The U.S. Freeski coaching staff weighs in on everything from training strategies to competing in windy, bone-chilling conditions.
Slopestyle Pro Team Head Coach
Where can athletes shine on the slopestyle course?
Rails are such a core piece of slopestyle. You can’t airbag them [in training]. To be really good at rails you have to put in a ton of work. It might not look impressive to the public eye but people who know what they’re watching should expect to see some cool new progressions go down on the rails in these Olympics.
Any design features you’re excited about?
Shark fin jumps with angled side take-offs and quarter pipe take-offs are really challenging for athletes because it puts them on a different axis [upon takeoff]. These side hit features are going to let athletes separate themselves from the rest of the pack with innovative new stuff.
What’s your strategy to help athletes develop new skills?
We collaborate; we discuss how they feel [performing] tricks and make sure they understand how rotations and body control work in the air. Enabling them to figure things out on their own gives them confidence to be self-sufficient under pressure. I oversimplify and like to break down two or three key pieces in each of their runs into an external cue or movement that can help them unlock that run under pressure.
How are you prepping slopestyle athletes to participate in Big Air at the Games?
There’s no warmup. You just drop in and go big and take the elevator back up. It’s going to be a different flow for some of the athletes; they are used to Big Air comps with a rock concert-style vibe at the base, and we aren’t going to have that energy in Beijing.
What are your biggest concerns?
Conditions are going to be challenging. We’ve heard it gets as cold as -40 degrees with the windchill and the wind changes directions. Flat light and ice are also going to be factors. Luckily we have great wax technicians.
Halfpipe Pro Team Head Coach
Where are athletes finding inspiration for new tricks?
There’s an obvious influence from other action sports. Many of our athletes also snowboard, skateboard and surf, and that translates back to skis.
What’s the secret to progressing tricks, especially after an attempt ends in injury?
Our whole sport is risk-versus-reward and those who do well in it are very skilled at analyzing risk and deciding when they’re willing to take those risks to get the reward. If you want to get good you have to learn to trust your training. Today, it’s a lot easier to safely push the envelope in training thanks to airbags and trampolines.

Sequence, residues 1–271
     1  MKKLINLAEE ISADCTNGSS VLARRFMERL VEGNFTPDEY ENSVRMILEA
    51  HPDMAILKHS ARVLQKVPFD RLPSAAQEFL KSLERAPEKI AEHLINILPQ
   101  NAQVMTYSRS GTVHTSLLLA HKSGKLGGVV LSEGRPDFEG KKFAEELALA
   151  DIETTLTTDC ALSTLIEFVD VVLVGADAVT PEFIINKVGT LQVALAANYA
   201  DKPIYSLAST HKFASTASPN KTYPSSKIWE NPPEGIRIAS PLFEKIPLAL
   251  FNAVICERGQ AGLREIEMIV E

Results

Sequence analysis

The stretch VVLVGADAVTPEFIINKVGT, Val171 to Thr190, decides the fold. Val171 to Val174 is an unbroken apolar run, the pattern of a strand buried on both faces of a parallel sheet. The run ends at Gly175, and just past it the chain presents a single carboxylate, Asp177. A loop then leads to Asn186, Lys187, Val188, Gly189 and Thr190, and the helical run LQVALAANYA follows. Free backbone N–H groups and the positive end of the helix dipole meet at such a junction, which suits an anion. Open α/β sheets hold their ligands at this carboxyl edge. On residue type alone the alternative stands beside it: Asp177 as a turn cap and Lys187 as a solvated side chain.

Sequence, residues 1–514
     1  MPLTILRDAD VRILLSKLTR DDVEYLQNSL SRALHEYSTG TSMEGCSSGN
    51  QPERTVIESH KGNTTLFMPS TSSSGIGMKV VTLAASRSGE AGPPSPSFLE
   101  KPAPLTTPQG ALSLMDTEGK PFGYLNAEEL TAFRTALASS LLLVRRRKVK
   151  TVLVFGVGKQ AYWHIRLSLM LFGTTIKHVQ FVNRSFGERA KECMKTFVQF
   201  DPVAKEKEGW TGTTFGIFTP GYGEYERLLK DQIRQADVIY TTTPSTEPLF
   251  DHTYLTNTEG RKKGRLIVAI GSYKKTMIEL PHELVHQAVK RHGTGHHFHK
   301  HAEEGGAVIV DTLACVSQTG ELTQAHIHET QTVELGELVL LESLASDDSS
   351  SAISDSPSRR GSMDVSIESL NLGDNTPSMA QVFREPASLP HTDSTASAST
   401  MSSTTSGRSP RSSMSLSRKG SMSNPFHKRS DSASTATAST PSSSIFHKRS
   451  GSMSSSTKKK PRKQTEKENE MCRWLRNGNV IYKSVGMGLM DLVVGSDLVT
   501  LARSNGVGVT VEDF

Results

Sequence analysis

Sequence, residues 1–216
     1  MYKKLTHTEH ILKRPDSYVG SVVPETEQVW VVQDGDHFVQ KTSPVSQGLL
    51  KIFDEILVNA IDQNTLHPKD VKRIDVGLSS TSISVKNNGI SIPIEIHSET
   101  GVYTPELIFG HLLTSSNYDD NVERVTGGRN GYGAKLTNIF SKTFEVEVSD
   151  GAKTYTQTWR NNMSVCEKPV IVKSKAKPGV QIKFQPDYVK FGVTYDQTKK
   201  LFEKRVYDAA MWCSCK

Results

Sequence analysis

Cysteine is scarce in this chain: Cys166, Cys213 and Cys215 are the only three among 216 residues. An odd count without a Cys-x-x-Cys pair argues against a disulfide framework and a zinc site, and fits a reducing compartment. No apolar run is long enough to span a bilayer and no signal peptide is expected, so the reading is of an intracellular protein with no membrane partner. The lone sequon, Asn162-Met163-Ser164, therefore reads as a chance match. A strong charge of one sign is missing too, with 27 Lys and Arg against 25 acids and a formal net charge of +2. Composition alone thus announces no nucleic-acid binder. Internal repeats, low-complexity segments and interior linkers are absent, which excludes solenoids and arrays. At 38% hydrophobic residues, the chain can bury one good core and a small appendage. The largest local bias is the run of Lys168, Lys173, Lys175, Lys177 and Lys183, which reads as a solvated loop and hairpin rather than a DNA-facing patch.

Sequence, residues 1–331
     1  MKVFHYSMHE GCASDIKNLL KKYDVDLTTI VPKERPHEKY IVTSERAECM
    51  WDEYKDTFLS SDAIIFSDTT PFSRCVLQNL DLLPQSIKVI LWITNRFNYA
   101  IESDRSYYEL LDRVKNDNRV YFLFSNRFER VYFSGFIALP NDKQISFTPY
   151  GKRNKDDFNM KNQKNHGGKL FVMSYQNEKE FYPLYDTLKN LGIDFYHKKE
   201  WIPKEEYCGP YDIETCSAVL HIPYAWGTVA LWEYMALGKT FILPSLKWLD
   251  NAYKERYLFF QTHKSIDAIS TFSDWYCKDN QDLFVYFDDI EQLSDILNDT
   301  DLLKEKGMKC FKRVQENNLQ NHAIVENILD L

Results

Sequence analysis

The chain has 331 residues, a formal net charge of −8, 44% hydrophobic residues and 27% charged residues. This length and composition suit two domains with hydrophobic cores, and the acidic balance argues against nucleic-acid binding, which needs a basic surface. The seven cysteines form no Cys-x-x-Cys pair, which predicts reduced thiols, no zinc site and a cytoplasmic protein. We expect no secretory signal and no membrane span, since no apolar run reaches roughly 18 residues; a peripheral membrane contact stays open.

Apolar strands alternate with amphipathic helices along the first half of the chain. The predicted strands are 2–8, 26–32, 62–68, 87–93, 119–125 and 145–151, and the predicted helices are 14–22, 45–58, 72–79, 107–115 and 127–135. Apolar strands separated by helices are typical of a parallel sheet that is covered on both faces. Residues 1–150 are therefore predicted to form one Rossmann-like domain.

Any tips for keeping calm ahead of a big run?
I typically advise against watching other runs. If someone crashes, they’re your buddy and you have to compete next it can mess you up. Or if everyone else is killing it you might start to think you’re not good enough. If I see someone getting stressed I remind them not to compare themselves. It’s you-versus-you out there and it’s supposed to be fun.
The crowds are such a part of the Olympic vibe, how do you prepare the athletes for the possibility of empty stadiums?
There is potential we’ll have some Chinese spectators, but it’s not looking like we’ll be able to have friends and family [in attendance]. We tell the athletes to not dwell on it and encourage them to focus on the “now” and what they want to accomplish at the start of their season, rather than be thinking ahead to the Olympics.
What are your biggest concerns?
They built a wind wall at the pipe, so you know it’s gonna be windy. I’m also worried about what I’m gonna eat for breakfast. I don’t do congee.
Matt Voss, Athletic Development Coordinator for the U.S. Ski & Snowboard teams shares three key strategies on how the athletes maintain their mental prowess in stressful situations:
*Group mindfulness and focusing technique sessions
*Guided meditation app Headspace is a hit with athletes in all stages of preparation
*Keeping it fun with cross-discipline games, surf sessions and team dinners